–> At the end of the film they discuss the impact of rural Mardi Gras traditions evolving as fewer people engage in actual farming life. It’s a good place to start thinking about the impact of economic changes on ritual experience.
Thanks to the folks at Waxidermy and Gorgomancy, we have the surveillance camera film about the 2010 assassination of Mahmoud al-Mabhouh. Worth a viewing.
Update April 2012. The Gorgomancy link is down, but the video is available from youtube in three chunks. Here they are.
Henry Louis Gates has produced a wonderful new documentary series Black in Latin America. It is a series that looks at the historical representations of the importation of African slaves in Haiti, the Dominican Republic, Mexico, Peru, and Brazil. Each episode is pretty strong standing alone, but viewing them together really helps to synthesize some of the shared dynamics — the ideas cross over episodes.
Particularly interesting to me is the impact that cane sugar has on European tastes and the relationship sugar has to plantation economies. When Toussaint L’Ouverture and the Haitian rebellion denied Europe this now vital commodity, Cuba is flooded with slaves to gear up sugar cane production. This not only allows European flavor access, it also speaks to the compelling desire to never be without refined sugar. Not to mention enabling France and the United States to isolate and embargo the newly-emancipated Haiti, crushing the economy and facilitating US military take-over.
Also fascinating are the attempts to ‘whiten’ the populations by encouraging immigration from Europe and the impact this has on racial self-identification. As Gates notes when asked about the racial difference between the nations in the documentaries and the US he notes:
Whereas we have black and white or perhaps black, white, and mulatto as the three categories of race traditionally in America, Brazil has 136 kinds of blackness. Mexico, 16. Haiti, 98. Color categories are on steroids in Latin America. I find that fascinating. It’s very difficult for Americans, particularly African-Americans to understand or sympathize with. But these are very real categories. In America one drop of black ancestry makes you black. In Brazil, it’s almost as if one drop of white ancestry makes you white. Color and race are defined in strikingly different ways in each of these countries, more akin to each other than in the United States. We’re the only country to have the one-drop rule. The only one. And that’s because of the percentage of rape and sexual harassment of black women by white males during slavery and the white owners wanted to guarantee that the children of these liaisons were maintained as property.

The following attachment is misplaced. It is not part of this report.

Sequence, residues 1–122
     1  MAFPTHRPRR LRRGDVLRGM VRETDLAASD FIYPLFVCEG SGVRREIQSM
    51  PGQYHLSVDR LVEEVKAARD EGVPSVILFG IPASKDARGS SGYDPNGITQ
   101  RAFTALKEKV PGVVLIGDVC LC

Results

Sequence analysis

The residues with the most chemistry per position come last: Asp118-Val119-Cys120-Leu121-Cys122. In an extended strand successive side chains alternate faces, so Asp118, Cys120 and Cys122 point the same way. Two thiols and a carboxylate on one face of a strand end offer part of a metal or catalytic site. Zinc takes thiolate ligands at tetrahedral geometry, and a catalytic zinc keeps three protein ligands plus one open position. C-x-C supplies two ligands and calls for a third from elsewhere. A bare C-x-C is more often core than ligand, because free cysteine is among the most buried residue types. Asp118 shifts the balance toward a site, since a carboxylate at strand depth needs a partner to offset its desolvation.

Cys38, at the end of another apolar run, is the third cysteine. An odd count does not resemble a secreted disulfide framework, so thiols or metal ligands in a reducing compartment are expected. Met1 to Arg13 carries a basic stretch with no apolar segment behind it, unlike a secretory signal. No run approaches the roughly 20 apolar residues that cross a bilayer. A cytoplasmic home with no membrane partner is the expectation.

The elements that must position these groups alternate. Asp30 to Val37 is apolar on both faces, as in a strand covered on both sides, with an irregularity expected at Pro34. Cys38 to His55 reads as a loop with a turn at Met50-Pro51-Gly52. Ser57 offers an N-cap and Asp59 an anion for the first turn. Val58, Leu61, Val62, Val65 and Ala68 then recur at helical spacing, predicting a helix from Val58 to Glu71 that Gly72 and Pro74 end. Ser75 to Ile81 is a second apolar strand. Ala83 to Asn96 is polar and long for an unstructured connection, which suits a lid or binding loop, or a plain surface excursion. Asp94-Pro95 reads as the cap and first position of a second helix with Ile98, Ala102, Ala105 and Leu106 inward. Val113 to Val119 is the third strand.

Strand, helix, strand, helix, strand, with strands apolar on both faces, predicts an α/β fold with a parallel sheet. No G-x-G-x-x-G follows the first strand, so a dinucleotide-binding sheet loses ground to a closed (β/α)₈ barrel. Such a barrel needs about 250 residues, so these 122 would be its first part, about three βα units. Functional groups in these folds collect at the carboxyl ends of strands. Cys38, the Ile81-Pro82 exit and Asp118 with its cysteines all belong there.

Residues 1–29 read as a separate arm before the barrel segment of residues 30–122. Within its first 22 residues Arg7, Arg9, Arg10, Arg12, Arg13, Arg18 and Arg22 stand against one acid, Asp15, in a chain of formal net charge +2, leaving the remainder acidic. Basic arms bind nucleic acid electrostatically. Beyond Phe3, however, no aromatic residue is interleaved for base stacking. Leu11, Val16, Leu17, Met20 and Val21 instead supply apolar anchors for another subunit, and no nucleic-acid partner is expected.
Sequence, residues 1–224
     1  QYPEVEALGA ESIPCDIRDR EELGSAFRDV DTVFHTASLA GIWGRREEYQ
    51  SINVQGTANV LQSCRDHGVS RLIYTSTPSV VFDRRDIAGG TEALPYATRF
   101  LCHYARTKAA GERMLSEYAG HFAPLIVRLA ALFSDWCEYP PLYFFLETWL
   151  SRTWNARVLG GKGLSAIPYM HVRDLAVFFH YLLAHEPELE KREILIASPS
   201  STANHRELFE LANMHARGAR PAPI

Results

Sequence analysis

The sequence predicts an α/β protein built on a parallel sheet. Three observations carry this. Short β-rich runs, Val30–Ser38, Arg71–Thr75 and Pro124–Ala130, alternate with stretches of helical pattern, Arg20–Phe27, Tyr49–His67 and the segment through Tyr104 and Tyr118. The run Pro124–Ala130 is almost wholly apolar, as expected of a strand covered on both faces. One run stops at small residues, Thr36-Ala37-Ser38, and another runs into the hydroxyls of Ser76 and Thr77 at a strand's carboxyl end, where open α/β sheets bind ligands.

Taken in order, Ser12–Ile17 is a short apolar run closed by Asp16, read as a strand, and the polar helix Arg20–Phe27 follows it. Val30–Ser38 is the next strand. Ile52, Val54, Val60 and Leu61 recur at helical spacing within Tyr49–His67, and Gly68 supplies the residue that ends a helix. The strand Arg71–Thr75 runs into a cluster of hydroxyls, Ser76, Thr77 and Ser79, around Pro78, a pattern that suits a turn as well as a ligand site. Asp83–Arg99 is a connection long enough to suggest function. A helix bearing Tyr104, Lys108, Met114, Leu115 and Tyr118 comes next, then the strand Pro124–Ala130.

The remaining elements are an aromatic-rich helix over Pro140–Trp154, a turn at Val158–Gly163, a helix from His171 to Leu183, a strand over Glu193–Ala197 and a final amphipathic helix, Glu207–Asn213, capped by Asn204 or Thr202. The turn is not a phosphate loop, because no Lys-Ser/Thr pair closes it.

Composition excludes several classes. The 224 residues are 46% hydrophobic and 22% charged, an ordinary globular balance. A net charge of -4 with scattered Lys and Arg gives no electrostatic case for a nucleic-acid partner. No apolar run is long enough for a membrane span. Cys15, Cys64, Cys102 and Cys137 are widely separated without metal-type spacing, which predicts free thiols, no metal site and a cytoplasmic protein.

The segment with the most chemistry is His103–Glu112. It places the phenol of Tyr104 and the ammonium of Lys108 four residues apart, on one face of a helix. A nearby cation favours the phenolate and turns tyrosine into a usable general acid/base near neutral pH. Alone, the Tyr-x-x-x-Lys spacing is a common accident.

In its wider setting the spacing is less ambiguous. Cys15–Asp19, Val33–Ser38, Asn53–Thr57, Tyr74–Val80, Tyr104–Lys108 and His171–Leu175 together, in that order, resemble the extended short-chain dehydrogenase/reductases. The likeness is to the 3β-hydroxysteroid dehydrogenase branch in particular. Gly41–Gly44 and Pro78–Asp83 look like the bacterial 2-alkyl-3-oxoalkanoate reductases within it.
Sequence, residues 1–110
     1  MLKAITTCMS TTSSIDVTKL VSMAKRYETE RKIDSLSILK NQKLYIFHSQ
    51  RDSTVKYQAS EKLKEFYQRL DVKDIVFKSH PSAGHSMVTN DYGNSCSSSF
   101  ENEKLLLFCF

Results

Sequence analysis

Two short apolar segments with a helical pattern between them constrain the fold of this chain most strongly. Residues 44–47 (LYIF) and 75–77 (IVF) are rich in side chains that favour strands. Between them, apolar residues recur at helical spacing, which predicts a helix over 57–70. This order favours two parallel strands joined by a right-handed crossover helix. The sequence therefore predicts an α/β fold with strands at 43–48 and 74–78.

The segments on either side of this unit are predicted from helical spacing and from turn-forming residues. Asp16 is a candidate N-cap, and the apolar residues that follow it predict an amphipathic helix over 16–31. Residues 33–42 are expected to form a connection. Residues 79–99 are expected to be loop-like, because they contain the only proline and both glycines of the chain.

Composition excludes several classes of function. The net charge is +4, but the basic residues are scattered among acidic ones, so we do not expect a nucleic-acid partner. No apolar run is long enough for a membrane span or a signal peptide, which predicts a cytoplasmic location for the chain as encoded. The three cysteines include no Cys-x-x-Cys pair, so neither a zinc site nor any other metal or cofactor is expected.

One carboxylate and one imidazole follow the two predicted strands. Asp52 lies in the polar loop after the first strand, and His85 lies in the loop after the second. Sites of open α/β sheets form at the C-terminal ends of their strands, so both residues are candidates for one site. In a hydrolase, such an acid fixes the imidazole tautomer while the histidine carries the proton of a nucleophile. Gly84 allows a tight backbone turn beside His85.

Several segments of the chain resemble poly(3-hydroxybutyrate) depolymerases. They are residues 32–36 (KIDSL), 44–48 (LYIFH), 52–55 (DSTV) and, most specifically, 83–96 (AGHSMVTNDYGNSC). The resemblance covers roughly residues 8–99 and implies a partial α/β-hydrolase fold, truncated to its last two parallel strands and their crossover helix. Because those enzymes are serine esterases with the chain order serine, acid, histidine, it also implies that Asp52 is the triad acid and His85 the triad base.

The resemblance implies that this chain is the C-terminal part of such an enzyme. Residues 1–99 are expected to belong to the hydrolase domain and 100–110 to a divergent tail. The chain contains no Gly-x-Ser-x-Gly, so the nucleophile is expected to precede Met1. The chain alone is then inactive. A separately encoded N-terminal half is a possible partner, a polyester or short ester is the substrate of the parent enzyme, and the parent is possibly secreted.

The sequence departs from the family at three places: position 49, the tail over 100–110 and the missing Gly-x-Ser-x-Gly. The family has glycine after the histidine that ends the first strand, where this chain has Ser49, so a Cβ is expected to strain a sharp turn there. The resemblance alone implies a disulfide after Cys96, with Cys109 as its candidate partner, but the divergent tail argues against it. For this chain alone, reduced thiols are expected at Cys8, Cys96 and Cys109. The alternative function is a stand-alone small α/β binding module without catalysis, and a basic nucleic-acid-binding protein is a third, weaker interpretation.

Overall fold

Gates covers the history with a certain quickness. But he get’s at the cultural impact — in each nation we find some folks whitening, changing the features on statues and in history books, shifting the representation of black leaders to affirm non-blackness. He also maps the resistance of music, religion, language and the threads of political pan-African identity.
This is a massive topic and I would watch a 12 or 15 part series on the subjects. It is a shame that Gates only has five episodes to get at the story. He does an admirable job organizing the ideas and also exposing current themes in each nation that point back to their historical relationship to the slave economy.
The episodes are up for viewing on pbs. Highly recommended.